The amount of income you have documented will also impact your debt-to-income ratio. This is an important factor that goes into the lending decision.
A debt-to-income ratio is the amount of your total monthly tax payments divided by your monthly income. For example, if you have $2,000 per month in debt payments and your income is $4,000 per month, your ratio would be 50 percent.
Generally, lenders want this number to be at 43 percent or lower. Otherwise, they’ll have concerns that your loan payments are likely to become unmanageable, making it unlikely that they’ll approve your loan request. However, this is for traditional loans, and it is more likely that you could get approved when applying for personal loans with no credit check, but in many cases, this is either unnecessary or it may not help at all.
Higher Interest Rates
If you’ve met all of the other requirements, being self-employed doesn’t always mean that you’ll get stuck with a higher interest rate. However, it does increase the chances that you won’t qualify with a traditional lender. If you have to go to another source, there’s also a good chance you’ll pay a higher rate.
Your best bet is to get everything in order as much as you can, then do your research and shop around for the best rate and loan terms before committing.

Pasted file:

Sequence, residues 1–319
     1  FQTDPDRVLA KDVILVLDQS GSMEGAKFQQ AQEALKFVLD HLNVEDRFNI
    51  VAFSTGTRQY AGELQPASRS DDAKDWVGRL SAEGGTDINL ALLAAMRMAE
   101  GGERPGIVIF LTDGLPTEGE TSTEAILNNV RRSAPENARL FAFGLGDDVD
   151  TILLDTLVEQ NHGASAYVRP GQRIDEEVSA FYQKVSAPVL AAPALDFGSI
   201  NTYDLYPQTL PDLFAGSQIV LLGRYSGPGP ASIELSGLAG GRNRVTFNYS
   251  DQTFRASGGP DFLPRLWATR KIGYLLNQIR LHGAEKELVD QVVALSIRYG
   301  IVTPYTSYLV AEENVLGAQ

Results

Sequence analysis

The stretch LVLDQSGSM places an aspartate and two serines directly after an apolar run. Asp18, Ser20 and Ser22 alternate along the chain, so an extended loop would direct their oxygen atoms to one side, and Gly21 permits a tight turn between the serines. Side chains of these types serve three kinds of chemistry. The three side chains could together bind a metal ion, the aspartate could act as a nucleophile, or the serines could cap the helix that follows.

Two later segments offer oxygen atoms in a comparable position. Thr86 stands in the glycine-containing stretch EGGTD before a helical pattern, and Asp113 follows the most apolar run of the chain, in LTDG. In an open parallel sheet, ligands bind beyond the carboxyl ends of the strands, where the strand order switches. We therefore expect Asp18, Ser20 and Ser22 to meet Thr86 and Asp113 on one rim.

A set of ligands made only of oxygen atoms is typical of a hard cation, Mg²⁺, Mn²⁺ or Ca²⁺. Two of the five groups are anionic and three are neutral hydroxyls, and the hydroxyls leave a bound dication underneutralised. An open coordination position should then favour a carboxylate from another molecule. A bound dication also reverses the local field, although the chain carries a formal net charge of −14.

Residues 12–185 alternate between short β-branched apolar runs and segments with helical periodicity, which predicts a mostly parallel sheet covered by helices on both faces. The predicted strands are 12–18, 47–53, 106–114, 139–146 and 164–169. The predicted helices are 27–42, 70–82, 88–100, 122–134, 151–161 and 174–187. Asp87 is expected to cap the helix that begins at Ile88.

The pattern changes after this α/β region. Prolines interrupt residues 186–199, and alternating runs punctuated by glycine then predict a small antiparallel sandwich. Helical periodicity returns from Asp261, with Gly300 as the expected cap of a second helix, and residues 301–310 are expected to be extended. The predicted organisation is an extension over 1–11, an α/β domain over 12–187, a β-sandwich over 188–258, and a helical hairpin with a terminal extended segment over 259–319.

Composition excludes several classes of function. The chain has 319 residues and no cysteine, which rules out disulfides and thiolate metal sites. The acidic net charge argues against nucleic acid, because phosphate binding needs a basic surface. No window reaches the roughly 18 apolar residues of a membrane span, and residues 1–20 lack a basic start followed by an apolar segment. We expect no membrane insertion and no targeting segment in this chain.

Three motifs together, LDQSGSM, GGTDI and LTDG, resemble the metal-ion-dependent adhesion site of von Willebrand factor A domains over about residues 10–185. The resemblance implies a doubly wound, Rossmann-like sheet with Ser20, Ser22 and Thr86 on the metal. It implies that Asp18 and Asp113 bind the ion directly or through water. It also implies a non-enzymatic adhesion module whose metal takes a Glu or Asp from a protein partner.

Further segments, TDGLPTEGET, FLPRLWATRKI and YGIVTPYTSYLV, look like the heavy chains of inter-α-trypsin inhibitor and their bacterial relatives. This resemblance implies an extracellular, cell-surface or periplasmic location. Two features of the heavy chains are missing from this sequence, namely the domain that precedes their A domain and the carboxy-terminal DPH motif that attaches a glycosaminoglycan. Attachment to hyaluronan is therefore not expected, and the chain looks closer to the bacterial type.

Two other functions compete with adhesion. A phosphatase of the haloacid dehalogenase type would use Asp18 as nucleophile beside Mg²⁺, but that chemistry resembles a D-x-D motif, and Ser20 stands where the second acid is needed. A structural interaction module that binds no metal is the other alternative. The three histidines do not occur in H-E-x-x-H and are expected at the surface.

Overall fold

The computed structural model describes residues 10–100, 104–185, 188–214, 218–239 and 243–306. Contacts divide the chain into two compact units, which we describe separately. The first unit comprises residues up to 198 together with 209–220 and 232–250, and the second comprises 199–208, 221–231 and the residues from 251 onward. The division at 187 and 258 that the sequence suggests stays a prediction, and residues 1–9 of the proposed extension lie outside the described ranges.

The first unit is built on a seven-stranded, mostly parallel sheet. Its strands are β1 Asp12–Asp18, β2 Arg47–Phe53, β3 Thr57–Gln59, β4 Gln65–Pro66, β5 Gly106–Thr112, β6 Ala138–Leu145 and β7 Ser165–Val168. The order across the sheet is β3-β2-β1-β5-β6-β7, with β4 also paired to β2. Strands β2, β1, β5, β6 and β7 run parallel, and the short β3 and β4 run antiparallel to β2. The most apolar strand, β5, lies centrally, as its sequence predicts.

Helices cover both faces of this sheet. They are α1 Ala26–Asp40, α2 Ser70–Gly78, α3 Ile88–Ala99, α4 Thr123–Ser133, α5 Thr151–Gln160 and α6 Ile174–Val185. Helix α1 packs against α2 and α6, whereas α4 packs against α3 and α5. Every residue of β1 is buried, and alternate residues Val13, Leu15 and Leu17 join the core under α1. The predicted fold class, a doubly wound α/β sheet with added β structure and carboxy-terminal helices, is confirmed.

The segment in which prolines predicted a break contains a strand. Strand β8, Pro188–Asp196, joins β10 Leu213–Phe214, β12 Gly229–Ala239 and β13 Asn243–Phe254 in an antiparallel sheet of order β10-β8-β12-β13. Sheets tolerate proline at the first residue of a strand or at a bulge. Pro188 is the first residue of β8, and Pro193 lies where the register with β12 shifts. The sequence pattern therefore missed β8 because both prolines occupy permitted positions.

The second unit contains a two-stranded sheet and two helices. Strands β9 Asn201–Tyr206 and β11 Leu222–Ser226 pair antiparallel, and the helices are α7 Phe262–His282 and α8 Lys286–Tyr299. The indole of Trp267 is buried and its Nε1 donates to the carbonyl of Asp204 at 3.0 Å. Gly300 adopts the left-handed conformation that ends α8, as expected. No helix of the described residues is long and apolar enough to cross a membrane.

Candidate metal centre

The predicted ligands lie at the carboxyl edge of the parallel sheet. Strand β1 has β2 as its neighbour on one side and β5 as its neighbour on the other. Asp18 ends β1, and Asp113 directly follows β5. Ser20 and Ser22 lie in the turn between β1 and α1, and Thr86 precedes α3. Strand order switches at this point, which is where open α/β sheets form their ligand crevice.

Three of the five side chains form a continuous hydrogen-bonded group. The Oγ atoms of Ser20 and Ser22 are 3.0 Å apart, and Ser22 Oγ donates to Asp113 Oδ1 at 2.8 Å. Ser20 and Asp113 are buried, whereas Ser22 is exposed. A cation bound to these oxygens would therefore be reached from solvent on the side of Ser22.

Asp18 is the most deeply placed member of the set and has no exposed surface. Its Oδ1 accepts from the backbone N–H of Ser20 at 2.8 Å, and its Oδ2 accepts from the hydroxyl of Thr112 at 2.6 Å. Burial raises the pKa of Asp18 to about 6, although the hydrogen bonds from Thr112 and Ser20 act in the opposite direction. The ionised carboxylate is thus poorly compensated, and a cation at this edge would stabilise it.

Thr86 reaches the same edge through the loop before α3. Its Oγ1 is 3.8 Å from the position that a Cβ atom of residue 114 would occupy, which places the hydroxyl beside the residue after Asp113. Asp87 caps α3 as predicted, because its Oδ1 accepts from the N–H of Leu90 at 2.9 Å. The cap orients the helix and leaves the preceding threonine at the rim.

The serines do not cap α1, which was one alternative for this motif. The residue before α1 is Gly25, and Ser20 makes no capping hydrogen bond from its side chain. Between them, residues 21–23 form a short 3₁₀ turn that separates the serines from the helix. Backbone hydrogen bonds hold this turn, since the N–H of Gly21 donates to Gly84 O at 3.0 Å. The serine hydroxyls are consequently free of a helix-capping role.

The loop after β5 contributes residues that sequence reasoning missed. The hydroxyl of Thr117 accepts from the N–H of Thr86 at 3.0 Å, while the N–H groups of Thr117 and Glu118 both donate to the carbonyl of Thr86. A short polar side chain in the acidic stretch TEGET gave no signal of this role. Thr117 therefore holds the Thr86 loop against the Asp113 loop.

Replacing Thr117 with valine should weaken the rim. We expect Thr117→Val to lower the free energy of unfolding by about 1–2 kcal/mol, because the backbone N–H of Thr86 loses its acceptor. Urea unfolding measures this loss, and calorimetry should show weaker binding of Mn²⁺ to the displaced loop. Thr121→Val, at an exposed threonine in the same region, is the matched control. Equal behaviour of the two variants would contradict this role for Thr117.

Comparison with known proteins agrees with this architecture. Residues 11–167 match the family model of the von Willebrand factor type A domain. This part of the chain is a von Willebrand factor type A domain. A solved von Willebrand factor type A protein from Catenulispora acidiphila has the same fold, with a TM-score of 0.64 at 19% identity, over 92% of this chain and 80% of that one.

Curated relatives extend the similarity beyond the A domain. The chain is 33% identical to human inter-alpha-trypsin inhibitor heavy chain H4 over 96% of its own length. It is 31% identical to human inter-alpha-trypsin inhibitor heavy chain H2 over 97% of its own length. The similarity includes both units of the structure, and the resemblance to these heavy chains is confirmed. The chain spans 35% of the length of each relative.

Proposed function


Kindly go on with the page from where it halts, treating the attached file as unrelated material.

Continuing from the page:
If you’re having trouble getting a traditional loan, you may need to get a cosigner or put up collateral before you can get your hands on the cash you need.
What is a Cosigner?
A cosigner is someone who applies for a loan with you. This person is essentially vouching for you, agreeing to pay off the loan if you fail to make your payments. Having a cosigner makes you far more likely to get approved and may give you more options when choosing a lender.
Family and friends are often your best bet, although they’ll need to have a steady income and a good credit score to be able to help you out. If you ask someone to cosign for you, realize that it’s a big request and they may not feel comfortable doing it. If you’re lucky enough to get someone to agree, take your commitment seriously and make sure you don’t miss any of your loan repayments.
Putting Up Collateral
If you can’t get a cosigner, another option is to apply for a secured loan. This is a loan that’s backed by your financial assets, like your home or your car. This way, if you don’t pay back your loan, they can take the asset you’ve put up and sell it to cover the remaining amount of what you owe.
Mortgages, home equity lines, vehicle loans, and secured credit cards are all examples of collateral-backed loans.
Learn More About Loans for Self Employed Individuals
If you’re working for yourself, there’s a good chance that you’ll need to get financing for something. Now that you understand how loans for self-employed individuals work, you can prepare yourself in advance.
Need cash right now? Check out our list of the best personal loans available online today.